The Circle (TV program)

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The Circle
The Circle logo.png
The Circle logo
Genre Morning Show
Presented by Yumi Stynes (2010–2012)
Gorgi Coghlan (2010–2012)
Chrissie Swan (2010–2011)
Denise Drysdale (2010–2011)
Country of origin Australia
Original language(s) English
No. of seasons 3
No. of episodes 582
Production
Producer(s) Pam Barnes
Location(s) Melbourne, Victoria
Running time 150 mins per episode (inc. commercials)
Broadcast
Original channel Network Ten
Picture format 576i (SDTV)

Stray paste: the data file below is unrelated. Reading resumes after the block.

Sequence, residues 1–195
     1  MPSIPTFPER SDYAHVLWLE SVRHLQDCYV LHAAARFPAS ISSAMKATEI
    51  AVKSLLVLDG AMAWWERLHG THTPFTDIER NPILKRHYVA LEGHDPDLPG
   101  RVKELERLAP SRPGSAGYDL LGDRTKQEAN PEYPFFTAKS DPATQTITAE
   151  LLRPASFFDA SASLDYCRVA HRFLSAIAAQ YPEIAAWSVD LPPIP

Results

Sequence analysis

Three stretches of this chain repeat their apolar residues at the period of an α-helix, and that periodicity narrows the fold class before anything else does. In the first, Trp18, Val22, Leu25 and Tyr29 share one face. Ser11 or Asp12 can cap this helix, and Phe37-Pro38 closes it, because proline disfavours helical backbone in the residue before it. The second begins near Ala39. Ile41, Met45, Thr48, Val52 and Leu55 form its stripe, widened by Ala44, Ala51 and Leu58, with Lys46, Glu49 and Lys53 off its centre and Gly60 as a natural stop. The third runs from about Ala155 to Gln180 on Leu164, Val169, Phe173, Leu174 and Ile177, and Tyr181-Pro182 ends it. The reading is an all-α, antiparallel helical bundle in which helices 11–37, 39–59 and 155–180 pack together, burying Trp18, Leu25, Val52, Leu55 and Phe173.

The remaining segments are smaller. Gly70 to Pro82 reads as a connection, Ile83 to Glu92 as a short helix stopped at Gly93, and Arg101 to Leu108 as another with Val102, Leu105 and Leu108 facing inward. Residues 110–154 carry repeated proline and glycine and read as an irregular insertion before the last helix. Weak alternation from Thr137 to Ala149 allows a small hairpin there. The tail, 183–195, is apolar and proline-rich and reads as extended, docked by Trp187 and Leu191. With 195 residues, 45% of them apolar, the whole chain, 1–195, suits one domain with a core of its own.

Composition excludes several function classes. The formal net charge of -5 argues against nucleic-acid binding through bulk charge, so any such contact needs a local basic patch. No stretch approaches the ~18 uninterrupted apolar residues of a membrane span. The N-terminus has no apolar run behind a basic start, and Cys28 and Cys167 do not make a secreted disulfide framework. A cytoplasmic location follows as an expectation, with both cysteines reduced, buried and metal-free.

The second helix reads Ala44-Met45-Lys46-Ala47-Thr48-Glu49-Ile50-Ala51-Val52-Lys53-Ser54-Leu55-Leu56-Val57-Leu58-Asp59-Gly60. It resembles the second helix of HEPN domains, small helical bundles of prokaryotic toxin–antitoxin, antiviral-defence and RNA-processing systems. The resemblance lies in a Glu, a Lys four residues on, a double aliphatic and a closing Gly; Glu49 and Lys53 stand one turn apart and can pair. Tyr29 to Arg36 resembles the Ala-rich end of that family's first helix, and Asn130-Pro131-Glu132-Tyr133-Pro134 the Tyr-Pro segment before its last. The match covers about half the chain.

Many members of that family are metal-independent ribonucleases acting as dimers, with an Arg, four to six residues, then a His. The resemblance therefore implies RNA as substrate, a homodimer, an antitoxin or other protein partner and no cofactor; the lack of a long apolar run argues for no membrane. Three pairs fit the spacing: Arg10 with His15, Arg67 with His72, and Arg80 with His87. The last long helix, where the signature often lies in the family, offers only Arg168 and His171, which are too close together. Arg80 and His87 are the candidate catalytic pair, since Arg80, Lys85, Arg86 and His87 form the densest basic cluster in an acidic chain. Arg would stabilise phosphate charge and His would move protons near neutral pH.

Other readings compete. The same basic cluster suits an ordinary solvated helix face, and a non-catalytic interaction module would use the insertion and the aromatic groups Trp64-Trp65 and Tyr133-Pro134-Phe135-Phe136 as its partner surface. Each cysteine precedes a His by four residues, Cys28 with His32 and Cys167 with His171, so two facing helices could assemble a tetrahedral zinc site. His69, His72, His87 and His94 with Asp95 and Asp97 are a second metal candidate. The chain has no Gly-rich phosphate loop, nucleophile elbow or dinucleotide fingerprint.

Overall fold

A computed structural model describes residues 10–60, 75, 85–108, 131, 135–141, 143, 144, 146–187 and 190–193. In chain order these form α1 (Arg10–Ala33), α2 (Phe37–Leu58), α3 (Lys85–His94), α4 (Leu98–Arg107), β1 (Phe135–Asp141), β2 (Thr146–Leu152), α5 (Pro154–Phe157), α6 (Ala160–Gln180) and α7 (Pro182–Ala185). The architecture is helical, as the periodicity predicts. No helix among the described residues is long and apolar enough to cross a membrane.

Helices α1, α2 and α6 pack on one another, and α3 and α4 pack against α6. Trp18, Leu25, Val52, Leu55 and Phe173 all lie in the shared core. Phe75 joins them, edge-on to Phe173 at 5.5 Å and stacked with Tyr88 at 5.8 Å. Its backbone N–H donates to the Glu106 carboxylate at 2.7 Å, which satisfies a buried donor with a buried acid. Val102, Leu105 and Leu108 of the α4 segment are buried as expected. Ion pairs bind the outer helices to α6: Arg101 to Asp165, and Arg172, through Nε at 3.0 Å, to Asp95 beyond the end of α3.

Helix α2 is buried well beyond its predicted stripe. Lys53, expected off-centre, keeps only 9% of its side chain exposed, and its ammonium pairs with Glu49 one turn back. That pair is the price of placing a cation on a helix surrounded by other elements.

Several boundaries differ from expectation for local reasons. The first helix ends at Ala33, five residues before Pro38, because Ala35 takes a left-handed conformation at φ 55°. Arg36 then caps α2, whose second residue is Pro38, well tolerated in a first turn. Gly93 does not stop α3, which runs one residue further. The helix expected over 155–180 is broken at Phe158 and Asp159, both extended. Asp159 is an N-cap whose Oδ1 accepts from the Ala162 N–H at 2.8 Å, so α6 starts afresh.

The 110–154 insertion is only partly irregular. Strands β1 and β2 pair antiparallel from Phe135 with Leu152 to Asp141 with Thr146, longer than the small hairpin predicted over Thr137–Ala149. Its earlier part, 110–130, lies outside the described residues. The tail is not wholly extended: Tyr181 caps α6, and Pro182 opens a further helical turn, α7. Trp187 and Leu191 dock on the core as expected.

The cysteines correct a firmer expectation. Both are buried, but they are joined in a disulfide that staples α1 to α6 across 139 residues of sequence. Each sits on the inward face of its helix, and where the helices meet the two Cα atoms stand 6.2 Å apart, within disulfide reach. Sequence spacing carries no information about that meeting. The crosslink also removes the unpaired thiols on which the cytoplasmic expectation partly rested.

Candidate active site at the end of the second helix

Audio format Stereo
Original run 9 February 2010 – 3 August 2012
Chronology
Preceded by 9am with David & Kim (2006 – 2009)
Followed by Studio 10 (2013 –)

The Circle is an Australian morning talk show that was aired on Network Ten from 9 February 2010 and 3 August 2012. The show was presented by Gorgi Coghlan, Yumi Stynes, Chrissie Swan and Denise Drysdale and aired in a daytime slot on Network Ten.

Ten cancelled the program on 30 July 2012 and it ended on 3 August 2012.[1]

Presenters[edit]

Presenter Years
Chrissie Swan 2010–2011
Denise Drysdale 2010–2011
Yumi Stynes 2010–2012
Gorgi Coghlan 2010-2012

Colin Lane replaced Coghlan in early 2011 while she was on maternity leave. In August and September 2011, Swan took maternity leave, with various guest hosts (including Lane) taking her role during that time.

History[edit]